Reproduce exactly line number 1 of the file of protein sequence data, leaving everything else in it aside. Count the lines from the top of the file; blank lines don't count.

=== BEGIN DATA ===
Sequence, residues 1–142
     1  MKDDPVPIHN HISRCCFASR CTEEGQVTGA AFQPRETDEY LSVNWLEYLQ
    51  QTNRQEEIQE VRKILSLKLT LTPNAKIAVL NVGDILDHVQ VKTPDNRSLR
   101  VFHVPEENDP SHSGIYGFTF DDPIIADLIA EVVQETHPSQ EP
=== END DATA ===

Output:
Sequence, residues 1–142